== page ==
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Joseph Leckie Academy

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Safeguarding News: Young Carers Action Day Tuesday 16th March 2021

Please find content and resources below to support and raise awareness of Young Carers and young adult carers 

Some children can’t enjoy the simple things many children take for granted because they are caring for someone in their family who is ill or disabled.   

Young carers take on a lot of responsibilities, including washing and dressing the person they're caring for and looking after younger siblings – plus domestic chores such as cooking, cleaning and shopping.   

That's a lot to take on as a child. With so many adult responsibilities, young carers often miss out on opportunities that other children have and many struggle educationally.  

A young carer is a young person aged 5 – 16 a young adult carer is someone aged between 18-24 who cares, unpaid, for someone who could not manage without their help. This could mean looking after a parent, brother or sister or grandparent who has a disability, long term illness, or drug and alcohol-related issues. 

As many as one in 12 pupils in the UK could be a young carer. Often, these children are caring for relatives without their teachers’ knowledge, slipping through the net, undetected by support services.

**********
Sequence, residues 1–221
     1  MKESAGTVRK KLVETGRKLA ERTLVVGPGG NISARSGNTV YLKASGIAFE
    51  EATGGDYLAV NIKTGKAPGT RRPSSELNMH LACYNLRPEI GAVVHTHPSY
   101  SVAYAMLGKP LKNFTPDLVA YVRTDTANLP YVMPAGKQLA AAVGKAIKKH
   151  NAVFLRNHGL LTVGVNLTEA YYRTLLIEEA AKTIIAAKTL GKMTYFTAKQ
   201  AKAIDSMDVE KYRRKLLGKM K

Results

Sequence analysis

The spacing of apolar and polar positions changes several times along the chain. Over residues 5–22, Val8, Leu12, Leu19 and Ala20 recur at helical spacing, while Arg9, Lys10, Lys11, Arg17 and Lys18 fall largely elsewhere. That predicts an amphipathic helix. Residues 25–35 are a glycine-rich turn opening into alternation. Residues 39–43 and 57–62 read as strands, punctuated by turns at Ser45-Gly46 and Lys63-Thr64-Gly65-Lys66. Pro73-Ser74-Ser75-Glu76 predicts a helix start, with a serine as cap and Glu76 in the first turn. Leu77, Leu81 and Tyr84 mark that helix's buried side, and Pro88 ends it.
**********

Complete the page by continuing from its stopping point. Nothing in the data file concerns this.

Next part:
The caring role they carry out means they have unique experiences and demands that impact their capacity to enjoy and achieve at school.  

What are the potential impacts of caring on a child's attainment, achievement and wellbeing?  

Young carers are a vulnerable and disadvantaged group specifically mentioned in Ofsted’s School Inspection Handbook (Ofsted, 2014).   

Research shows that:   

  • 27% of young carers (aged 11–15) miss school or experience educational difficulties (40% where children care for a relative with drug or alcohol problems) (Dearden, C, Becker, S, 2004)  
  • They have significantly lower educational attainment at GCSE level – the difference between nine Cs and nine Ds (The Children’s Society, 2013).  
  • They are more likely than the national average not to be in education, employment or training (NEET) between 16 and 19 (The Children’s Society, 2013)  
  • A quarter of young carers said they were bullied at school because of their caring role (Carers Trust, 2013)  
  • 81% of young adult carers said their caring role makes them or had made them more stressed (Carers Trust, 2017).  

We aim to help as many young carers as we can. Please read the parental letter to help us support to raise awareness about young and young adult carers to raise their educational ambitions and future career dreams. 

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Two young carers talk about the reality of going to school and caring for their parents, and the support they've had from the Young Carers projects. More about help for young carers.